This Guest paper was submitted for publication and is Copyright M. Klein (2005).
Published here June 2005.

Introduction | Shortage of IT Experts? | There's More
Reasons for Failure | Getting Things Done | Balancing Art with Science

Getting Things Done

Gary R. Heerkens, in his book Project Management, strongly agrees with Sue Young. He says:

"The art of project management relates to the fact that projects are really about people getting things done. Project management requires a keen knowledge of human behavior and the ability to skillfully apply appropriate interpersonal skills."[15]

In the Journal of American Academy of Business, Sharlett Gillard writes: "According to industry research firm Gartner, poor project manager competency accounts for the bulk - 60 percent - of project failures due in part to the complexity of the management role in product development." Gillard goes on to add this statement, "In essence, project management authority is a combination of the legitimate authority and personal influence exercised by the project manager."[16]

In Gillard's view, personal influence is of critical importance in getting things done. Nevertheless, some in the industry have raised the one-dimensional argument that only good training and experience in the scientific methods are necessary for efficient project management. Clearly, this ignores the critical human element.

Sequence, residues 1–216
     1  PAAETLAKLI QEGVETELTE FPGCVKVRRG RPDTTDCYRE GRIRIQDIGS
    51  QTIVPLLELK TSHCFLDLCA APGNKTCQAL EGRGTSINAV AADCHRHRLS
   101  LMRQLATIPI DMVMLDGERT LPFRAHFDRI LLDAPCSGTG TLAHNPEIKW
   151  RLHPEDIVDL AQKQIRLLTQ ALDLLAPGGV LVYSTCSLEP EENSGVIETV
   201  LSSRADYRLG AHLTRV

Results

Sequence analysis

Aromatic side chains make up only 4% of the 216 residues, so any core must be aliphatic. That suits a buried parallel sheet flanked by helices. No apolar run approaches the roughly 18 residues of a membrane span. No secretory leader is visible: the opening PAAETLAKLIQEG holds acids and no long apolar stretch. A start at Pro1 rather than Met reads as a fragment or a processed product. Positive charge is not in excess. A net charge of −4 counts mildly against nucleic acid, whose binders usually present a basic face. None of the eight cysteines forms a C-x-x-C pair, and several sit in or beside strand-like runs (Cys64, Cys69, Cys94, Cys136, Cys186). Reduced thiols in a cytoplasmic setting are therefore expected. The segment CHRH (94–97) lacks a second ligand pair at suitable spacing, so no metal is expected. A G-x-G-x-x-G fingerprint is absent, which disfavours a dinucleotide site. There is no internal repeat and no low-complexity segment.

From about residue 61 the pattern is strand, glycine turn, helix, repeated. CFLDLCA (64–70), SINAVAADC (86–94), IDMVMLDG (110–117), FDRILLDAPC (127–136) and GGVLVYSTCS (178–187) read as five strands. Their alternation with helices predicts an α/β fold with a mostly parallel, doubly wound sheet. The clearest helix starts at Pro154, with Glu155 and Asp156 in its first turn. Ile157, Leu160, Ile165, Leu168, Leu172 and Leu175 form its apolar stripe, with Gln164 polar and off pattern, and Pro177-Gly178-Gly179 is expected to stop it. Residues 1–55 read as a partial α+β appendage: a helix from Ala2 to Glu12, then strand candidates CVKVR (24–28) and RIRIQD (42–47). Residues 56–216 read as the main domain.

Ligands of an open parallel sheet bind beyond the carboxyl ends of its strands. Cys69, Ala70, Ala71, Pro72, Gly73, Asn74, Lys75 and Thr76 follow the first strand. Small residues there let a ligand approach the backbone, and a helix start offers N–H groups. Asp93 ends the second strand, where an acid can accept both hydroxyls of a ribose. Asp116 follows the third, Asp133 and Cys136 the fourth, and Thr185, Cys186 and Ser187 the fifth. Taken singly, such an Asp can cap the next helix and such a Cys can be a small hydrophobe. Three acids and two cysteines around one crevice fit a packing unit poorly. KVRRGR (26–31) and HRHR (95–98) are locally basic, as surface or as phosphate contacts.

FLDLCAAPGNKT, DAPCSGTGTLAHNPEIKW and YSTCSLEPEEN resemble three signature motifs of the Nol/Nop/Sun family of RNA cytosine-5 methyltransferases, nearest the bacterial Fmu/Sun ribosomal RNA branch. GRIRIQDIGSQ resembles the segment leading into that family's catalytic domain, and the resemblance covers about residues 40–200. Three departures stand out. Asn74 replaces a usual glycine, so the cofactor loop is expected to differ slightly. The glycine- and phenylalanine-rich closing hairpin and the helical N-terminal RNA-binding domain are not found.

If people are the root cause of project failure, then it follows that people must be at the heart of the solution for project success. This excerpt from the soon-to-be-published book, Global Project Management: Competencies, Skills, and Culture, by Dr. Al Zeitoun, PMP, with the International Institute for Learning, illustrates this point:

"The artistic side of the project manager as a leader is what allows project managers to be who they could best be. Projects do not succeed in creating the wow for customers and society only because the best technology was used; they succeed because the collaboration of minds towards a well-defined objective took place as directed by proper leadership. It is that side of the project manager that makes the miracle happen"[17]

In his book, The 21 Irrefutable Laws of Leadership, the world-famous leadership-skills mentor John C. Maxwell emphasizes, "Leadership is influence - nothing more, nothing less.[18] And Eric Verzuh, author of The Fast Forward MBA in Project Management, describes a project manager this way: "There is no question that the best project managers are also outstanding leaders. They have vision, they motivate, they bring people together and, most of all, they accomplish great things."[19]

Reasons for Failure  Reasons for Failure

15. Heerkens, Gary R, Project Management, McGraw-Hill, Inc., New York, 2002
16. Gillard, Sharlett, IT Project Management: A Conceptual View, Journal of American Academy of Business, Cambridge, July 2004, p. 381 (Accessed 7/30/04)
17. Zeitoun, Al, PhD, The Leader Side of the Project Manager, allPM Today Newsletter, July 2004 (Accessed 3/29/05)
18. Maxwell, John C, The 21 Irrefutable Laws of Leadership, Thomas Nelson Publishers, Inc., Nashville, 1998
19. Verzuh, Eric, The Fast Forward MBA in Project Management, John Wiley & Sons, Inc., New York, 1999
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